Use pesticides safely
On this page
- Before buying a pesticide
- Use a registered product
- Using a pesticide
- Special considerations
- Storing pesticides
- Disposing of pesticides
- Accidental poisoning
- For more information
If you choose to use a pesticide in or around your home, you are responsible for using it safely.
These safety tips will help you use, store, and dispose of pesticides properly, so that you reduce the risks to people and the environment.
Never try to make homemade pesticides since this can lead to risks to your health and safety, and the environment.
Before buying a pesticide
- Identify the pest correctly
- Use physical control methods first, such as hand weeding or traps
- Read the Pest control tips for help in dealing with common lawn and garden pests
- Read the how to have a healthy lawn page to learn how to make your lawn more resistant to common problems
- Check with your city or province. Some have restrictions on the sale and use of certain registered lawn and garden pesticides
- Consider hiring a professional such as a licensed pest control operator or exterminator
Use a registered product
Do not purchase a pesticide online unless it is a registered product from a Canadian retailer, and you are authorized to use it. Pesticides from foreign vendors may not be authorized for use in Canada, and may not be safe to use.
- Use only a pesticide authorized for use in Canada
- Read the label directions and safety tips before buying a pesticide. The label must include
- the name of the pest to be controlled
- the treatment location (for example, indoor, outdoor, garden use, pet treatment)
- a Pest Control Product registration number on the product label, such as:
- Reg. No. 00000 P.C.P. Act
- Registration No. 00000 Pest Control Products Act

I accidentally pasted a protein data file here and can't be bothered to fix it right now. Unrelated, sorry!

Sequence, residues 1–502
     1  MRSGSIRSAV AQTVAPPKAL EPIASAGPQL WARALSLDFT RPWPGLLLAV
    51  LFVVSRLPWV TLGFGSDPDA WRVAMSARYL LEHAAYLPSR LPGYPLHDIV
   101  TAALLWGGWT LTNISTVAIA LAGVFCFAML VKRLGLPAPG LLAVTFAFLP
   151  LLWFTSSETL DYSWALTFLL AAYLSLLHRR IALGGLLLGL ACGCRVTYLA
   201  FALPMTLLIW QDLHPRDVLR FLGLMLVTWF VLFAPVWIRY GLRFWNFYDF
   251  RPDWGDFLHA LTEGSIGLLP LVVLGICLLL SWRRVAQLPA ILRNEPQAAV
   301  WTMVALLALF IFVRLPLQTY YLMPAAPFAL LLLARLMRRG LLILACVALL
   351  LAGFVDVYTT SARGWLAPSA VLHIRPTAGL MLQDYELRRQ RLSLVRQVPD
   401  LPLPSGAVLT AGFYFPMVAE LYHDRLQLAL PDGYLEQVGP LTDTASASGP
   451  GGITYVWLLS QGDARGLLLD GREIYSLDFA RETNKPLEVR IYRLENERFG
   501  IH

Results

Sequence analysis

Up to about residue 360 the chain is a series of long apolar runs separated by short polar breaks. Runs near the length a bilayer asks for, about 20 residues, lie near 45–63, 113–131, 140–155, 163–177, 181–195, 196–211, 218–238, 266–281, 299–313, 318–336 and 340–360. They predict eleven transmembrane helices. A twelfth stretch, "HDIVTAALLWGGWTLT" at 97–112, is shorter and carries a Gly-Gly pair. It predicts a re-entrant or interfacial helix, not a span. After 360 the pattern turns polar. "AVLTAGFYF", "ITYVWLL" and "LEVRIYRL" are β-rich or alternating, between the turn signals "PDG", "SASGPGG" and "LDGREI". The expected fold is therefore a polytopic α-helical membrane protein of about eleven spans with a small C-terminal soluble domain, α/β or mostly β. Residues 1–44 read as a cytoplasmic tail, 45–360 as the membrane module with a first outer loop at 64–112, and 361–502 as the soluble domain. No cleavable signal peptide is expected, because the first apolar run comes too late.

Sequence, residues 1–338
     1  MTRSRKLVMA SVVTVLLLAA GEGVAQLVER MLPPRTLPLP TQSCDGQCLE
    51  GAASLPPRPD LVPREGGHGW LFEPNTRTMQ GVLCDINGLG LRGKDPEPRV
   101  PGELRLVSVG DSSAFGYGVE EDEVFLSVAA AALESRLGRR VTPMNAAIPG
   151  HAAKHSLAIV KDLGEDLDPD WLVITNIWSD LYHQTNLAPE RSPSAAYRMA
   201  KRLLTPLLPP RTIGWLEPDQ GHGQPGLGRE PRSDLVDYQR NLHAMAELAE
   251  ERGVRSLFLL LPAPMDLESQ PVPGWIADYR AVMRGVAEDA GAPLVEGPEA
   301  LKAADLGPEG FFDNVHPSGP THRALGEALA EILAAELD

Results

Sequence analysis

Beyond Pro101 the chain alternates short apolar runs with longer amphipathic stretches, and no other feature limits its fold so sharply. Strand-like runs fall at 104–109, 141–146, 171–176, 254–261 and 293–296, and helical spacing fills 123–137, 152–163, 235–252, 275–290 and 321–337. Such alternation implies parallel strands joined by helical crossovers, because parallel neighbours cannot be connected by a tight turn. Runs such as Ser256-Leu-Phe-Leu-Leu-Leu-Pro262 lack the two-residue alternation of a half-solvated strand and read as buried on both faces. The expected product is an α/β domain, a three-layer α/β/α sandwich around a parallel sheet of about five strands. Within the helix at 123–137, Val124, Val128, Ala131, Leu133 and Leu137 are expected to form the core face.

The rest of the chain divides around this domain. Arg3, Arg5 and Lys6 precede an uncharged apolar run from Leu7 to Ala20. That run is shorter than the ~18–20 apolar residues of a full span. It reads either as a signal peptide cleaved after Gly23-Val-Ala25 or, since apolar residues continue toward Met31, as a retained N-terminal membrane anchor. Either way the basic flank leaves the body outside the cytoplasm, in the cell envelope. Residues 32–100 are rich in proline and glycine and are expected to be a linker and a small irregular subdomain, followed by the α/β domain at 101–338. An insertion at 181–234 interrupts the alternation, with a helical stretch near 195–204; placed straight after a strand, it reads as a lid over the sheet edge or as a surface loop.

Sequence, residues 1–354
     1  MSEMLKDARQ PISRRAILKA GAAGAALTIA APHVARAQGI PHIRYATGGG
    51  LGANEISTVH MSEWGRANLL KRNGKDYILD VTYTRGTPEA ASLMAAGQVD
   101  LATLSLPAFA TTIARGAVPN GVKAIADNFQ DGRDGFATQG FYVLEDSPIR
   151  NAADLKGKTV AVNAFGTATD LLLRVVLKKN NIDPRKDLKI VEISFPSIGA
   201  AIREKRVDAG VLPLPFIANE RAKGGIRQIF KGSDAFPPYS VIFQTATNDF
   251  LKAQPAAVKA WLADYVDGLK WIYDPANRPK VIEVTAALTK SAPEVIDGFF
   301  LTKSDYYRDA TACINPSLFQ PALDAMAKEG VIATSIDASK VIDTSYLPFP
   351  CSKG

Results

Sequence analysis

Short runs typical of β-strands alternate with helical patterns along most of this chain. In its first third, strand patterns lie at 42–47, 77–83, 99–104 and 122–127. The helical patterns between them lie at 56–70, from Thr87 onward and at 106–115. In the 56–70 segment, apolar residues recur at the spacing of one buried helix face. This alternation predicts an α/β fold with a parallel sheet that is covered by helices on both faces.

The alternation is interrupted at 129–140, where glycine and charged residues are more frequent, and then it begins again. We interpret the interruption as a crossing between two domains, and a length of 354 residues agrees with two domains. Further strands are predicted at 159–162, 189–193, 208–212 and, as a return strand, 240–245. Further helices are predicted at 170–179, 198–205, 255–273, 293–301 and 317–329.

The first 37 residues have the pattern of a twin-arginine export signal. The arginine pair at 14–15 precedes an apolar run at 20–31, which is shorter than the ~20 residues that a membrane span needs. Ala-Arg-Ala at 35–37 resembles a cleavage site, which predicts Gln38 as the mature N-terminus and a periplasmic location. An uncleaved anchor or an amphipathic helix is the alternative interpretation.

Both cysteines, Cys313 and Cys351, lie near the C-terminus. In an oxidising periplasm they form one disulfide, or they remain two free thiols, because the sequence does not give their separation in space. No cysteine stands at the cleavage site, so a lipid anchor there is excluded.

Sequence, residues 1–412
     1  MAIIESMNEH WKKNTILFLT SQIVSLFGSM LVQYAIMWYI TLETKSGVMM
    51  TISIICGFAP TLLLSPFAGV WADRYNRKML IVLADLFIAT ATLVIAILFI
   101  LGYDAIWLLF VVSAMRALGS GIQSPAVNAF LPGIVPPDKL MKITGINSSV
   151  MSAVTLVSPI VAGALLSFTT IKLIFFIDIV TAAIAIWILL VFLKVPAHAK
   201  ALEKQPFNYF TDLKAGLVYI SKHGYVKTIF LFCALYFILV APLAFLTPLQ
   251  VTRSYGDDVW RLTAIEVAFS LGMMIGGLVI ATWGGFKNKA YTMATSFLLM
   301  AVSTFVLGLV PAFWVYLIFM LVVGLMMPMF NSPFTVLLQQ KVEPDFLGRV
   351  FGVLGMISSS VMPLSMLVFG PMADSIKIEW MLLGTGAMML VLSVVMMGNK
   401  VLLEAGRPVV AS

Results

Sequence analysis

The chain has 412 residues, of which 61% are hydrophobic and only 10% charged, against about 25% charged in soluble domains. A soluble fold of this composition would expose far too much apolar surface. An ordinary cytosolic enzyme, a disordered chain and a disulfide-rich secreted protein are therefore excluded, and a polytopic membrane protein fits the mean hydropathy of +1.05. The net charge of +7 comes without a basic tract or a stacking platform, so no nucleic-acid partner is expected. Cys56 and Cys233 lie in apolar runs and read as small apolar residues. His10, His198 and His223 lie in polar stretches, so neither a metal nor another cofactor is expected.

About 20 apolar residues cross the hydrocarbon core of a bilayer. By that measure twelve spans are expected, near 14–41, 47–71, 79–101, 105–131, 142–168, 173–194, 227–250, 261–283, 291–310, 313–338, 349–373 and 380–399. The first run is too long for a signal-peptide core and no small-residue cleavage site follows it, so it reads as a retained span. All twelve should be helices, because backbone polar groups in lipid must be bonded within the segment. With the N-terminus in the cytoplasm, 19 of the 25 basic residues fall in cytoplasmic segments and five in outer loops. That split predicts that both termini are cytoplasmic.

- Buy only the amount of product needed for the treatment
- Do not buy a pesticide if the packaging appears damaged or seems to have been tampered with. Instead, report it to the vendor.
Using a pesticide
- Carefully read all label instructions and warnings before using pesticides.
- People and pets should leave the area during a pesticide treatment, especially children, pregnant women and elderly people. Only allow people and animals back into the treated area after the pesticide has fully dried.
- Use a pesticide only for the purpose stated on the label. For example, do not use pesticides that are intended for outdoor use inside your home, and never mix different pesticides together unless the label tells you to.
- drink, eat, or smoke while applying pesticides
- rub your eyes or touch your mouth while working with pesticides
- apply a pesticide directly on a person, an animal, or to bedding unless the label says you can, for example personal insect repellents, and flea or tick pet protection products
Using a flea or tick control product:
- Choose a product intended for use on the animal you wish to treat. For example, you cannot use dog products on cats unless it is stated on the label.
- Follow the instructions on the label to know how much of the product to give your pet and how often to treat your pet. If not used properly, these products can make your pet sick.
After using a pesticide:
- Wash your hands and face with hot soapy water.